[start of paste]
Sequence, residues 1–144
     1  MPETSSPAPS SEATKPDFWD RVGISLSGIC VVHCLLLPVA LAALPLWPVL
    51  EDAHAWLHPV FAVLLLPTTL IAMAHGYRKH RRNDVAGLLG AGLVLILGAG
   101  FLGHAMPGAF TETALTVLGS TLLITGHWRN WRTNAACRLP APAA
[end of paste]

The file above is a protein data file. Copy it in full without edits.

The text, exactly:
Sequence, residues 1–144
     1  MPETSSPAPS SEATKPDFWD RVGISLSGIC VVHCLLLPVA LAALPLWPVL
    51  EDAHAWLHPV FAVLLLPTTL IAMAHGYRKH RRNDVAGLLG AGLVLILGAG
   101  FLGHAMPGAF TETALTVLGS TLLITGHWRN WRTNAACRLP APAA